Friday, June 12, 2009

This Week in Bank Failures

The U.S. Treasury announced this week that it has adopted rules on the return of TARP funds, and 10 banking giants are rushing to return the money to the Treasury:

  • American Express
  • Bank of New York Mellon
  • BB&T
  • Capital One
  • Goldman Sachs
  • JPMorgan Chase
  • Morgan Stanley
  • Northern Trust
  • State Street Bank
  • U.S. Bank

These mega-corporations collectively are still relying on a staggering amount of government aid, but now, none of that aid is coming in the form of capital. That gives the banks more financial flexibility, so that they can take more risks, but it increases the chance that they will run out of money later this year or next as the economy worsens. And Congress, already under worse budgetary stress than the banking system is, will not be in any position to help at that point. But at least no one will be able to put any of the blame on Washington should some of these banks go under.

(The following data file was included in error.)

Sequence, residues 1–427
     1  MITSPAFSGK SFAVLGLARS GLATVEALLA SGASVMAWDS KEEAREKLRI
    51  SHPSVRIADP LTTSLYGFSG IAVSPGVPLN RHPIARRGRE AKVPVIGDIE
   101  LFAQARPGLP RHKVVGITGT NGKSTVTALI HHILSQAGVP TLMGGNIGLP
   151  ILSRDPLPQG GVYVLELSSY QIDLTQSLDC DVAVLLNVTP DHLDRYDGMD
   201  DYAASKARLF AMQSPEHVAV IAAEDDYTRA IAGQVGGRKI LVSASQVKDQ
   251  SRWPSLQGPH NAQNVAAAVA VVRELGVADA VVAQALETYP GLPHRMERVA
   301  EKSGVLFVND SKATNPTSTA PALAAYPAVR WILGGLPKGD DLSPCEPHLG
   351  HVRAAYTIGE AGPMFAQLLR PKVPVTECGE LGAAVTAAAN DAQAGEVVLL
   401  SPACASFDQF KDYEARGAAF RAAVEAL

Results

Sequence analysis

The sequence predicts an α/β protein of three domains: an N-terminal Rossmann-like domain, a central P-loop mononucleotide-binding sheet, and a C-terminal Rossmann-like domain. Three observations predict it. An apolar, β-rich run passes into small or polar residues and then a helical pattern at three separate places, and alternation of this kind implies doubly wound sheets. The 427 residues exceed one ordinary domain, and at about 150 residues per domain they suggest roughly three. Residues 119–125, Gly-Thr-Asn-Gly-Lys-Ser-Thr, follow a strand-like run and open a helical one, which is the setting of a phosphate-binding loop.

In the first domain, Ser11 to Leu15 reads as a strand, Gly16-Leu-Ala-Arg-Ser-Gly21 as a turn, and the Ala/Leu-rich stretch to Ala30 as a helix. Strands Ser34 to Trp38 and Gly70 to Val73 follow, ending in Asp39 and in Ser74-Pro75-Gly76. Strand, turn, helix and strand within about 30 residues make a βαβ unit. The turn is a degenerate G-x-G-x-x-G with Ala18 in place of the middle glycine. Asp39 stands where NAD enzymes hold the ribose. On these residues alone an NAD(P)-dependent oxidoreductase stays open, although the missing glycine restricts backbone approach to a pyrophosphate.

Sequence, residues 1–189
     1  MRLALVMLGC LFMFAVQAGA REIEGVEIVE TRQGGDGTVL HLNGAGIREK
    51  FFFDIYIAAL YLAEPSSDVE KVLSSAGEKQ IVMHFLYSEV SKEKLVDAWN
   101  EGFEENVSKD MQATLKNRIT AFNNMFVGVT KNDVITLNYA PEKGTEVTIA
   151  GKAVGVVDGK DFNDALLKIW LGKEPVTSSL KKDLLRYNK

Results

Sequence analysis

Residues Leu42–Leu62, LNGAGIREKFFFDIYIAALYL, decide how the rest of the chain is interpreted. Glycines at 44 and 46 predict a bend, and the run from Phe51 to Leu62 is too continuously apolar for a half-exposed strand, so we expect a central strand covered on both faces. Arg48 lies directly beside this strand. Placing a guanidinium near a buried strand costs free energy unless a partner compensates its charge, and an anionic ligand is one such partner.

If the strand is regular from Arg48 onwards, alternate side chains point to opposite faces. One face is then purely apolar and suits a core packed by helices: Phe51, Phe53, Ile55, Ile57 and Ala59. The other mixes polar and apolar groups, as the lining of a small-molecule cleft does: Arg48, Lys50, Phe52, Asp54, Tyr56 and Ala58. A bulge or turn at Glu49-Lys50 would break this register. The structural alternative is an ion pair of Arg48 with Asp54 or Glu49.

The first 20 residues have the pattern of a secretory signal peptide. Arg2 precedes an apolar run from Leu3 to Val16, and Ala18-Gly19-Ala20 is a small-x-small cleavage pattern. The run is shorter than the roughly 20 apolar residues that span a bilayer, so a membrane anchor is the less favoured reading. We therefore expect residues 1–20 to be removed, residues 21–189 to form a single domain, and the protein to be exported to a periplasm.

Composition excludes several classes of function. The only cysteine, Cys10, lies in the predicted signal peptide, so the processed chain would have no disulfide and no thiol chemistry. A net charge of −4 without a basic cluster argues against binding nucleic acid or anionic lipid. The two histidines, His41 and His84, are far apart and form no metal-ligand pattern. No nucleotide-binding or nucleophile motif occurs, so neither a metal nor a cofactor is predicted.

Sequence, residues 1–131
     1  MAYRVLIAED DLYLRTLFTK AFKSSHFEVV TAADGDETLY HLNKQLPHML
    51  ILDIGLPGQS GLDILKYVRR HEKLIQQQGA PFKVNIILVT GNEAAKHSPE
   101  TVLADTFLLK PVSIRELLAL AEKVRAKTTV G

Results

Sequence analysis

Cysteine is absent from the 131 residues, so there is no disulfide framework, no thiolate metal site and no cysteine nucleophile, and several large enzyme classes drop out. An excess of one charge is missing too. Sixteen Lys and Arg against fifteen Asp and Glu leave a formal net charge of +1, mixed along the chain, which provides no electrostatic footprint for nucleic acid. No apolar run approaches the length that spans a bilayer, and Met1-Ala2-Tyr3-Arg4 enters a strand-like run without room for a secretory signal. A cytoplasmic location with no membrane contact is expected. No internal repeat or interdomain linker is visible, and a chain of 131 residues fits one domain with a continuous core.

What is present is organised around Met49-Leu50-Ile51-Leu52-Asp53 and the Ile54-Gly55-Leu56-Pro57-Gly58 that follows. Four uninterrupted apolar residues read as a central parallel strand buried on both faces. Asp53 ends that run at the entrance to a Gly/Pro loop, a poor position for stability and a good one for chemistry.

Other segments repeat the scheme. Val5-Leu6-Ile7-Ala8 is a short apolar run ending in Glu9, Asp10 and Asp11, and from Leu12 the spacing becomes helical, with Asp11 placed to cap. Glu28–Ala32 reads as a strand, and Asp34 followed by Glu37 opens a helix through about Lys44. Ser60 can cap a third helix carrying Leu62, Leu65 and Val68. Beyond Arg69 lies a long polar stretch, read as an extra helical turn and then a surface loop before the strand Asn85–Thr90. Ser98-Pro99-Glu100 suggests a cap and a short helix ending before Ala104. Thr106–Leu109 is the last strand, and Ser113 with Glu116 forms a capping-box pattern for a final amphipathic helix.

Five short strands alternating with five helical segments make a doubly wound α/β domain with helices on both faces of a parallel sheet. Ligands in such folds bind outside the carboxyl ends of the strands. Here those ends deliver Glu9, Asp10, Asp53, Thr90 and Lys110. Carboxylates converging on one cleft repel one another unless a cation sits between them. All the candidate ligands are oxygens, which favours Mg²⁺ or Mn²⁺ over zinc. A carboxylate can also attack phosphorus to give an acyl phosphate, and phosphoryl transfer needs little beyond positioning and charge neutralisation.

Kitsap Bank, which acquired the deposits of the failed Westsound Bank, has decided it won’t need a TARP loan in connection with that transaction. It had applied for a small TARP loan, but interest rates have fallen since the TARP program was announced, and it can more easily borrow money elsewhere now. To cut costs, Kitsap Bank is about to close one of the former Westsound branches, and may be closing most of the rest in the fall.

South America did not experience much of the real estate bubble that hit banks in the north, but banks there are nevertheless under stress from the decline in the world economy. Argentina’s central bank has temporarily banned dividends from banks in that country. The restriction is likely to be lifted as soon as the economy starts to improve, but is necessary as a precaution now, officials there are saying.